Frank E. Petersen, Jr. (DDG-121) John Basilone (DDG-122) Lenah H. Sutcliffe Higbee (DDG-123)
Flight III
Harvey C. Barnum, Jr. (DDG-124) Jack H. Lucas (DDG-125) Louis H. Wilson. Jr. (DDG-126)
Flight IIIA
Robert Kennedy (DDG-127) Fletcher (DDG-128) Scott (DDG-129) Callaghan (DDG-130) Chandler (DDG-131)
Merill (DDG-132) John Hancock (DDG-133) Stump (DDG-134) David R. Ray (DDG-135) Peterson (DDG-136)
Kinkaid (DDG-137) Caron (DDG-138) Nicholson (DDG-139) John Young (DDG-140) Deyo (DDG-141)
John Rodgers (DDG-142) Thorn (DDG-143) O'Bannon (DDG-144) Alexander Williams (DDG-145) Leftwich (DDG-146)
Fife (DDG-147) Chris Kyle (DDG-148) O'Hare (DDG-149)
Flight IV
Jackson Thomas (DDG-150) Nathan James (DDG-151) Allen M. Sumner (DDG-152) Purdy (DDG-153) Paul F. Foster (DDG-154)
Elliot (DDG-155) Rodman (DDG-156) Hayward (DDG-157) Winslow (DDG-158) Charles K. Duncan (DDG-159)
Steven A. White (DDG-160) Alfred G. Noble (DDG-161) Shackleton (DDG-162)

Ship Gallery


War Battles Ships Involved Sunk (Later Salvaged) Damaged
Insurrectionist War Chicago, Aleutian Islands 12 0 7
Earth-Prometheus War Armadia, AIF Breakout 17 3 11
World War V Coastal Texas, NevistonSouth Australia, New Zealand 26 9 16
World War III New York, Seattle, Houston, Baltimore 45 19 26
Western War Liberation of Carolina, France, Russia 26 5 8
World War IV




  • 96-cell Mk-41 Vertical Launch System
    • RIM-66M Standard
    • RIM-161 SM-3
    • RIM-162 ESSM
    • BGM-209 Tomahawk II
    • RUM-139 VL-ASROC
    • RIM-174 Standard ERAM
    • AGM-150 Guardian
    • BMG-240 Impeller
  • x2 Mk-141 RGM-100 Harpoon II launchers
  • x2 Mk-36 triple torpedo tubes
    • Mark 46 Spear (anti-ship)
    • Mark 50 Barracuda (anti-submarine)
    • Mark 54 Mako (anti-submarine)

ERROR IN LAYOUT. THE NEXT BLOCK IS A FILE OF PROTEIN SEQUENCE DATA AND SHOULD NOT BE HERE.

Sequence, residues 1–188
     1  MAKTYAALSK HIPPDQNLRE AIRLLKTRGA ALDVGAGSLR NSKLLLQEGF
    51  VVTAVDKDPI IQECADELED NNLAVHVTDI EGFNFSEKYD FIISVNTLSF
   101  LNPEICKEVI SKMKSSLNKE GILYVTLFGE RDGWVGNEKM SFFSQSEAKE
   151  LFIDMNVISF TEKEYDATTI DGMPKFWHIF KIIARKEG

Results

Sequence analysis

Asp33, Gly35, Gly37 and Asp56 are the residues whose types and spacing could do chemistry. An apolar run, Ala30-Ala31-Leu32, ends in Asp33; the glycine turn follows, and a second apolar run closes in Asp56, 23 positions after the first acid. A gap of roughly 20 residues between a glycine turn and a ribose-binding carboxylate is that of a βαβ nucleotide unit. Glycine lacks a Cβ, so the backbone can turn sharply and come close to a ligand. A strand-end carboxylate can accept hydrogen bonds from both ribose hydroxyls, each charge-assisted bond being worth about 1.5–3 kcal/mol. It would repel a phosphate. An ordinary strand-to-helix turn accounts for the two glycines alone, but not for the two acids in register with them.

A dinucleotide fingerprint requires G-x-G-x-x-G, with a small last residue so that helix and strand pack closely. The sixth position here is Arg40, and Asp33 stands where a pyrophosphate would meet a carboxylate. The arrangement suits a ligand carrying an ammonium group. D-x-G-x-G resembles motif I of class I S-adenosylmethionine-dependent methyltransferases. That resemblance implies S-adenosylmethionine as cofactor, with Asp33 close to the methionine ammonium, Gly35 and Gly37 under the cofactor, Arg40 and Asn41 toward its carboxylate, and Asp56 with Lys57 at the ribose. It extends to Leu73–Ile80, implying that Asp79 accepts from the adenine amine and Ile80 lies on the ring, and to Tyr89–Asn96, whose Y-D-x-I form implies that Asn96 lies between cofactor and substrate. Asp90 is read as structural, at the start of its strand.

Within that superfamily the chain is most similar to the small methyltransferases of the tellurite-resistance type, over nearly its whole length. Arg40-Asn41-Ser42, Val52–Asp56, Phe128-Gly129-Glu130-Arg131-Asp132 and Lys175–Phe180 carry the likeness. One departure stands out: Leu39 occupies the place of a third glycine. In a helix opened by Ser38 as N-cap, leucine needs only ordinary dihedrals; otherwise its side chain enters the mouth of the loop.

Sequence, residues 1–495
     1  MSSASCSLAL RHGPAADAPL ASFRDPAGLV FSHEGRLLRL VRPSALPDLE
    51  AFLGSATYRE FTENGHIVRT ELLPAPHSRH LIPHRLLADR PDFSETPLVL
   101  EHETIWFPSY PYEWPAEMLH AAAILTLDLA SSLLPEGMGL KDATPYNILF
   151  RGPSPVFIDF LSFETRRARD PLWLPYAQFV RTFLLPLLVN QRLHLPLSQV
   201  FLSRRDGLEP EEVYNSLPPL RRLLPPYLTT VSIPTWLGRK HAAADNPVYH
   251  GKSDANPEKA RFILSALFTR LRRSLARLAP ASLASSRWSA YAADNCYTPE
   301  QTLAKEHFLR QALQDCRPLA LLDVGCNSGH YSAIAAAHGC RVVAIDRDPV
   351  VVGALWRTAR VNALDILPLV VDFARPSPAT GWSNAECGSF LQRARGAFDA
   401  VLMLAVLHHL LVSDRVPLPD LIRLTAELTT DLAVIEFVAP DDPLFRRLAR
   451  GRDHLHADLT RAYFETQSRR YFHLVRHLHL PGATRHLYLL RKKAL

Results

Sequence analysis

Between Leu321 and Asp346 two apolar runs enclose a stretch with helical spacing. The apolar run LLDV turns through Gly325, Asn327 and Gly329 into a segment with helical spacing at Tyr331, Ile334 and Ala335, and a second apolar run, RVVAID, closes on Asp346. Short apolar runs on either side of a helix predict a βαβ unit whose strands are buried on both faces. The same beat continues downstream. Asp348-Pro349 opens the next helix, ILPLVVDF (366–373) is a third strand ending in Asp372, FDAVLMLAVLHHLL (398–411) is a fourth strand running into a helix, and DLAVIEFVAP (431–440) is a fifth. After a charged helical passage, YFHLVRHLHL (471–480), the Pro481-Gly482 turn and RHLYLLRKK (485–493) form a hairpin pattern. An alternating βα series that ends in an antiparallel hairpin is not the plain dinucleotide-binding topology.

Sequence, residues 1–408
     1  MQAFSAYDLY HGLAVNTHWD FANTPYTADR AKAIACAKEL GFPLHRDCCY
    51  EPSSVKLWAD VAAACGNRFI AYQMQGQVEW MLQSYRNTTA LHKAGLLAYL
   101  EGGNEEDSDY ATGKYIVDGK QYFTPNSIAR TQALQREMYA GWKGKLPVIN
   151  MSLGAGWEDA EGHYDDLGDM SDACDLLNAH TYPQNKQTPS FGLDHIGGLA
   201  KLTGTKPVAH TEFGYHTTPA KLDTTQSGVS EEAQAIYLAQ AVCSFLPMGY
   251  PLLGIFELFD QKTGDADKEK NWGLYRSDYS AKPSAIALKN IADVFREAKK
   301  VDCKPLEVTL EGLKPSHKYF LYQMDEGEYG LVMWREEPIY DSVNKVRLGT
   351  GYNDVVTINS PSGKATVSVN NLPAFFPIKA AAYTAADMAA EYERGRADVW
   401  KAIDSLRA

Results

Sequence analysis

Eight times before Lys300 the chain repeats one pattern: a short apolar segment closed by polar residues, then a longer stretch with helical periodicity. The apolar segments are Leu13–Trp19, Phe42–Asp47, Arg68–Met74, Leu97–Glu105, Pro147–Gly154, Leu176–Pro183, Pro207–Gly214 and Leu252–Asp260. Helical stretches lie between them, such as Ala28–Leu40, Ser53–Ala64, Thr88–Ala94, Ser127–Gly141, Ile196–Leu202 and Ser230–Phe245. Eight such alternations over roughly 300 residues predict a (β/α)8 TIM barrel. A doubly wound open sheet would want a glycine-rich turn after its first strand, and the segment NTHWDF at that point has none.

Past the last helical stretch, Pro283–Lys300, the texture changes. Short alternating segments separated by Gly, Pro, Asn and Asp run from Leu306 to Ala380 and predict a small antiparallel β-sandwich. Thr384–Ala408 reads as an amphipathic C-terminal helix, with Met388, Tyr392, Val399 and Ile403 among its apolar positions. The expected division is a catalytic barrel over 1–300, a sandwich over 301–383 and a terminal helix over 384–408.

• x2 Sikorsky MH-60 Seahawk multi-role helicopters
    • x3 Mark 54 Mako anti-submarine torpedoes
    • x8 AGM-114 Hellfire air-to-surface missiles
    • x2 M240 machine guns

Unmanned Aerial Vehicles

  • x1 Boeing Insitu ScanEagle reconaissance drone


  • The Nathan James is named after the fictional Arleigh Burke-class destroyer of the same name from TNT's The Last Ship. The James even shares the same hull classification (guided missile destroyer 151) and key crew members from the show, including civillian crew members Tex and Dr. Rachel Scott.
    • The Nathan James is the only ship in the Arleigh Burke-class to be equipted with an optical and radar cloak.
  • Jackson Thomas was named after USS Zumwalt DDG-1000's Age of Sail RP character, which he requested.
  • USS Kidd was given a railgun due to it having one in Transformers: Revenge of the Fallen, and Harmonmj13 was watching the movie around the time he built the ship in October of 2014.
  • O'Hare was named after Lieutenant Commander Edward "Butch" O'Hare, a U.S. naval pilot and 1942 Medal of Honor recipient who was shot down by Japanese aircraft during World War II, and is memorialized at Chicago-O'Hare International Airport.
    • In RP, DDG-149 is the second ship in the Navy to be named after the pilot, the first was of the Gearing-class.
  • Chris Kyle is named after Chief Petty Officer Christopher Scott "Chris" Kyle, a former member of SEAL Team 3 who is the most lethal sniper in the history of the United States military, the author of the bestselling autobiography American Sniper, and was killed by a gunman in 2013.
    • The Chris Kyle's motto is "Right on Target."
  • There are only 76 Arleigh Burkes in real life, but Harmonmj13 expanded it to 100 to connect the Nathan James.
  • The Alexander Williams is named after FlammeumDraco333's Age of Sail character.
  • Being a 100-ship class, all the ships are divided up between each U.S. fleet (25 serve in the Atlantic,  25 serve in the Pacific,  25 serve on Tenelapis, and 25 serve on Mars).
  • In their current build, the Arleigh Burkes can take down the entire airwings of two aircraft carriers, consisting of all-Vanilla aircraft, in the additional Hansa missions without taking a scratch (NOTE: this was tested with two Burkes ahead of a carrier and 4 frigates). This feat has yet to be tested against an all-Hansa aircraft wing.



Arleigh Burke-class